Governor Kathy Hochul said the declaration of a state of emergency and the deployment of the National Guard are part of efforts to address staff shortages feared in the wake of Monday’s deadline for healthcare workers are vaccinated against COVID-19.
Hochul said she was ready to sign an executive order declaring a state of emergency that aims to increase the supply of workers and enable skilled health professionals from other states and countries, recent graduates and professionals. health care retired or formerly practicing in the State.
Hochul is also considering deploying medically trained National Guard members and asking federal disaster medical assistance teams to help local health and medical systems.
Hochul also plans to work with the federal government to expedite visa applications for medical professionals.
“We are still in a battle against COVID to protect our loved ones, and we must fight with all the tools at our disposal,” Hochul said in a press release.
Hochul’s statement said she was closely monitoring the staff situation and that “we have a plan to increase our health care workforce and help ease the burden on our hospitals and other health facilities.”
“I commend all of the health workers who have stepped up to get immunized,” Hochul said, “and I urge all other health workers who are not immunized to do so now so that they can continue to provide the vaccine. care. “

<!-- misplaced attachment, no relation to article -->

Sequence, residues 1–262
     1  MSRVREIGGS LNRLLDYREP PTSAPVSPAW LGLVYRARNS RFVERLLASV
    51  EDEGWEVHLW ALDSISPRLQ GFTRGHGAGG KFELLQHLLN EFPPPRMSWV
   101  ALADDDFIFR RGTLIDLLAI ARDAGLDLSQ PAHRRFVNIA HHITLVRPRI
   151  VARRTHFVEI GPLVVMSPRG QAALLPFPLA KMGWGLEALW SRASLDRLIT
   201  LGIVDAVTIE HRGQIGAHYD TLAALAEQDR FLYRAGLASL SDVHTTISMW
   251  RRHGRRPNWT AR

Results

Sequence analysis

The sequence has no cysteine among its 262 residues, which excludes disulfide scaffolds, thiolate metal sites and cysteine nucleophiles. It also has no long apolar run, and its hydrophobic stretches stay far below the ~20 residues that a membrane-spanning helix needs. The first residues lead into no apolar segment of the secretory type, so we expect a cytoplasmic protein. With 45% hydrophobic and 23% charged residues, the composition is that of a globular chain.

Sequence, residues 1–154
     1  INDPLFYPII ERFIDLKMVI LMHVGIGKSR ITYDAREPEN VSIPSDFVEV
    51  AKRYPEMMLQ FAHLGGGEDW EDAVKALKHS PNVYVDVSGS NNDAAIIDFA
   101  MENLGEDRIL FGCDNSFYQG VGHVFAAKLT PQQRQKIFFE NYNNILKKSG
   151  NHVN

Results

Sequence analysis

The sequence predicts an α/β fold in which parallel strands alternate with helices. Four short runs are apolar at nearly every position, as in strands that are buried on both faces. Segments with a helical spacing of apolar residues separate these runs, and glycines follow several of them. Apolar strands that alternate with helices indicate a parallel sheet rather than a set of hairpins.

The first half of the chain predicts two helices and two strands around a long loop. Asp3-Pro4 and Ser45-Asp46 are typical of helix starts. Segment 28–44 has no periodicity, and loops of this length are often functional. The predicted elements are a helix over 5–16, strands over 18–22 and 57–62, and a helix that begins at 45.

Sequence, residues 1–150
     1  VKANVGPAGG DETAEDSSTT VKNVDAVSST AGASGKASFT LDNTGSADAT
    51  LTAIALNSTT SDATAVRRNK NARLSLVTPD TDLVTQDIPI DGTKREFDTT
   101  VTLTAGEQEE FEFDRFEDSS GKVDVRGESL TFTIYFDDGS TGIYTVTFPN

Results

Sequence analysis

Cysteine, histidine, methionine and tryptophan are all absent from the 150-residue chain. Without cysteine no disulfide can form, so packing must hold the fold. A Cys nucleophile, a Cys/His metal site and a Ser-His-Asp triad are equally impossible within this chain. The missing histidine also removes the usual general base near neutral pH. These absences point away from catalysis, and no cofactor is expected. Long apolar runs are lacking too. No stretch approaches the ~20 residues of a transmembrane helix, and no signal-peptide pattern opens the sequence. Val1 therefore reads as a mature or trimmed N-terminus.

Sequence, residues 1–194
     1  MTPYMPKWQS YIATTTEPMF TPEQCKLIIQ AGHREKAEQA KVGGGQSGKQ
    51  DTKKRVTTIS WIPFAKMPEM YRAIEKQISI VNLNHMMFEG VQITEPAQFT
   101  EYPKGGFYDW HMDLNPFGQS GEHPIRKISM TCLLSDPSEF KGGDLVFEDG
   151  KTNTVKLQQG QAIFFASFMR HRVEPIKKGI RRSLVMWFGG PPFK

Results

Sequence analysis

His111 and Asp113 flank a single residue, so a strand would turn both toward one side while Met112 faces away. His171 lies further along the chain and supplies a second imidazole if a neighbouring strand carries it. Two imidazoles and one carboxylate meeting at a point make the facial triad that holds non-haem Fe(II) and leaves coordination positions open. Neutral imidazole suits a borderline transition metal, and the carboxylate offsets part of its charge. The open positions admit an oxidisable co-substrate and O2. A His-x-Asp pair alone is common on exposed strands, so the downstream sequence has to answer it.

All healthcare workers in hospitals and nursing homes must have at least one dose of a COVID-19 vaccine by Monday. Staff in home care, palliative care and adult care facilities must be vaccinated by October 7.
The mandate also applies to all outside and contract medical staff practicing in New York State.
The fate of those seeking religious immunization warrant exemptions is now in the hands of the legal system, as the restrictive order on the removal of the religious exemption, issued by a federal judge last week, has been extended until October 12.
Starting Tuesday, when the vaccination mandate goes into effect, those exempted in medical and religious categories will have to be fitted with an N95 mask and be tested for COVID-19 every week.
As of September 22, 84% of all state hospital employees were fully immunized, according to the governor’s office. As of September 23, 81% of staff in adult care facilities and 77% of staff in nursing homes were fully immunized, the governor’s office said.
The state’s Department of Labor has also issued guidelines that workers made redundant because they refuse to be vaccinated are not eligible for unemployment insurance unless they have a valid doctor’s approval. for medical accommodation.
Tribune News Service contributed to this report.